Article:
There are, also, some important differences between the American presidential system and the Australian parliamentary system. When a party loses an election, there’s no focus, no one parliamentary spokesman on behalf of the Republican Party. In any British-style parliamentary system, the losing party either keeps the leader it had, or it puts in a new one. That leader then becomes the opposition party’s principal spokesman.

Even though the opposition party is going through difficult times, at least it’s got someone who can articulate the party’s point of view -- but in the American system, that doesn’t exist. That makes it more difficult for people to get a fix on what the alternative party really thinks. Not because it’s not thinking, or for lack of good ideas, but your system doesn’t allow someone to emerge very quickly as the principal spokesman on behalf of the opposition party.

Q: Your government was very different in attitude from American conservatives, who tend to place a much greater value on ideological purity. How do you see the balance between principle and pragmatism?

A: Well, you’ve got to achieve a balance. I used to say to my colleagues in government: It was better to be 80 percent pure in government than 125 percent pure in opposition. You can’t become so obsessed with the last fine detail of the principle that you lose contact with the politics -- but if you only trade in politics, then you will lose in the public.

I think it’s always a mistake, though, for a party to feel that when it’s in the doldrums, it’s got to jettison things it really believes in. It is very important, of course, to work out precisely what you do believe in and then to articulate it in a consistent matter.

Q: One of the major debates that exist in the U.S. -- and pointedly not in Australia -- concerns the scope of the welfare state, especially as it concerns health care. How should the center-right think about the welfare state?

A: The principles you’ve got to bring to it is, first, that the best welfare system is a strong, united family, where people are well looked-after within the family, and also where people have jobs. Having a job is always preferable to welfare, and we should have incentives for people to work rather than take welfare.

Having said that, I recognize -- and anyone who’s got common sense recognizes -- that some people miss out on having a loving family, and that some people, through no fault of their own, cannot get work. Those who genuinely cannot find work, they should be provided with a means of support by the state, but not so generous that it discourages them from looking for work.

And I think it’s fair that, if you’re being supported by the state and are fit and healthy, that you do some work in return for the financial support you’re receiving from the state. When I was prime minister, we introduced something called “Work for the Dole,” and what it meant was that if you were healthy and getting the unemployment benefit, the government could say that it expected you do a certain amount of work in exchange for that benefit.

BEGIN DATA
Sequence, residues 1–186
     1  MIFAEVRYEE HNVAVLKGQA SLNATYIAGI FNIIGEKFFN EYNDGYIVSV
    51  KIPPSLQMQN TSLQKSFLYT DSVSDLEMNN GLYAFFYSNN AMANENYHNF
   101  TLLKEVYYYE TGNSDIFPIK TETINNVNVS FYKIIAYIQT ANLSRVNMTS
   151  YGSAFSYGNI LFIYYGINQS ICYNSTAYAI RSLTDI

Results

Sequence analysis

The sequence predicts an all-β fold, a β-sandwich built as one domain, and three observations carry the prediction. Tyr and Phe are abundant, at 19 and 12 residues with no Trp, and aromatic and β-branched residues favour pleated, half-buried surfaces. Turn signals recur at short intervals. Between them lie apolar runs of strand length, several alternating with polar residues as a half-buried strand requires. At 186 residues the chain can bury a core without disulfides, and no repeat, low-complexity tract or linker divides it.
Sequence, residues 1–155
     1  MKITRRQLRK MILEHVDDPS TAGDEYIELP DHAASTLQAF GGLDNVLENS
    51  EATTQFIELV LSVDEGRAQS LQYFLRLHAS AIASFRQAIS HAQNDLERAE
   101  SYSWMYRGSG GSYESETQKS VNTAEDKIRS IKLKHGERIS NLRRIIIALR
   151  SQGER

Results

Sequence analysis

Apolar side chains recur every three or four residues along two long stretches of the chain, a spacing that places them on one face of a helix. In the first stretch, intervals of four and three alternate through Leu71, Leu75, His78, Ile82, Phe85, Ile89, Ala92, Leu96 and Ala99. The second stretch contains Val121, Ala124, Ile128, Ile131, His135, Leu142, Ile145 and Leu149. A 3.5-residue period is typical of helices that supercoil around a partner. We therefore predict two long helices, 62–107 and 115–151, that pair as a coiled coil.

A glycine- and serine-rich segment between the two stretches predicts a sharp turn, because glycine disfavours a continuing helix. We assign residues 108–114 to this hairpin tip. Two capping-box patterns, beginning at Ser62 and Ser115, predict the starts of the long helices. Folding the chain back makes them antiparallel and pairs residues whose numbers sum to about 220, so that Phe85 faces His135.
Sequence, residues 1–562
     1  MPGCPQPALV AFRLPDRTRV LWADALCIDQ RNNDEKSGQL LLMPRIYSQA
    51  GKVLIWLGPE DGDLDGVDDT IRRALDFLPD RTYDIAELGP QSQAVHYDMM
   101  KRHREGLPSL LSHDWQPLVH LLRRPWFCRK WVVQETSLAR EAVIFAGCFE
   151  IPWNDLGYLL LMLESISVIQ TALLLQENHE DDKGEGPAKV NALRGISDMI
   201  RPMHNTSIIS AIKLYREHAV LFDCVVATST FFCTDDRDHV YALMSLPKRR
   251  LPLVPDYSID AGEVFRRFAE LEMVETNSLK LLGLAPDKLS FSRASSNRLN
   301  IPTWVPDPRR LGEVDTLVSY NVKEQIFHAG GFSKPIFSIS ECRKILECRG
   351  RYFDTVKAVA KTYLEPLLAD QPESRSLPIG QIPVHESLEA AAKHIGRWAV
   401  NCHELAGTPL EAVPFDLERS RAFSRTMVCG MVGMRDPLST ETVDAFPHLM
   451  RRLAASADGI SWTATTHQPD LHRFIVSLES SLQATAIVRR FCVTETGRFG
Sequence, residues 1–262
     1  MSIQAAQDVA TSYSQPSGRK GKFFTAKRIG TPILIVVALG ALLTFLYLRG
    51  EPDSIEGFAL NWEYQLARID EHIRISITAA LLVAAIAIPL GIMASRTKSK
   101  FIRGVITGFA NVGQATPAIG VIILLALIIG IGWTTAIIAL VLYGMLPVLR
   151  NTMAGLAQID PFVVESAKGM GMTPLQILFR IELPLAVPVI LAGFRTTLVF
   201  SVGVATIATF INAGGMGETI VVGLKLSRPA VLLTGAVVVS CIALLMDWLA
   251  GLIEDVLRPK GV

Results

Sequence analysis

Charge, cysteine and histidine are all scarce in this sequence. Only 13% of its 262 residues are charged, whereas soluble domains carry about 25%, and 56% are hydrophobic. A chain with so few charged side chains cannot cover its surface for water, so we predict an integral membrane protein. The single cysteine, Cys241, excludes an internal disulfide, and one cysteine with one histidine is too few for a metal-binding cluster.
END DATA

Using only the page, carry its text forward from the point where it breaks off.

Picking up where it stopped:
This followed what I see as a principle of mutual obligation: Society has an obligation to look after people who are genuinely trying to get work, but most individuals have an obligation to do some work in compensation for the benefit they receive.

Q: You left office in 2007, right before the start of the global economic recession and financial crisis. In many countries, the response to those events was to put free-market economic policies on trial. What are the lessons you draw for economic policy going forward?

A: Australia wasn’t as badly affected as many other countries, and one reason for this is that my government left with no net debt, a budget surplus, and a lot of money in a future fund to meet pension liabilities of military personnel and public servants. We had a very strong public balance sheet, and that was very different from many other Western countries. The other great advantage Australia had, of course, was its resources trade with Asia.

I think it’s fair to say the world handled the 2008 knockdown better than the Great Depression. That’s in part due to the central banks of the world, which have done better and have learned from the mistakes they made in the 1930s.

The other important observation to make about the policy response to the recession is that the level of social destitution is much lower. That’s because Western countries have much stronger safety nets. It’s a good thing, because nobody wants unnecessary hardship, and it’s the responsibility of governments to ensure against it.

The other, slightly contrary point I’d make is that there seems to have been not a lot of policy response to one of the problems behind the subprime meltdown: that a lot of people who couldn’t afford to pay loans were given loans. I’m not sure that we -- not only the United States but also Australia and other countries -- have fully addressed that issue.

Common-sense, prudent lending habits say if people cannot afford to repay, then it could be kind to lend to them in the short term, but foolish in the medium and longer term. It’s an element of the crisis that’s been forgotten.

I’m always wary and leery about too much additional regulation. I think the best regulator is genuine competition, and if you have competition in the context of rules to prevent abuse. I think it would be a mistake to think you can regulate too much virtue in any economic system; you should concentrate on identifying and punishing genuine fraud and dishonesty. Competition, for the rest of this, remains the best accelerant of good outcomes and good behavior.

(Evan Soltas is a student at Princeton University and a contributor to the Ticker. Follow him on Twitter.)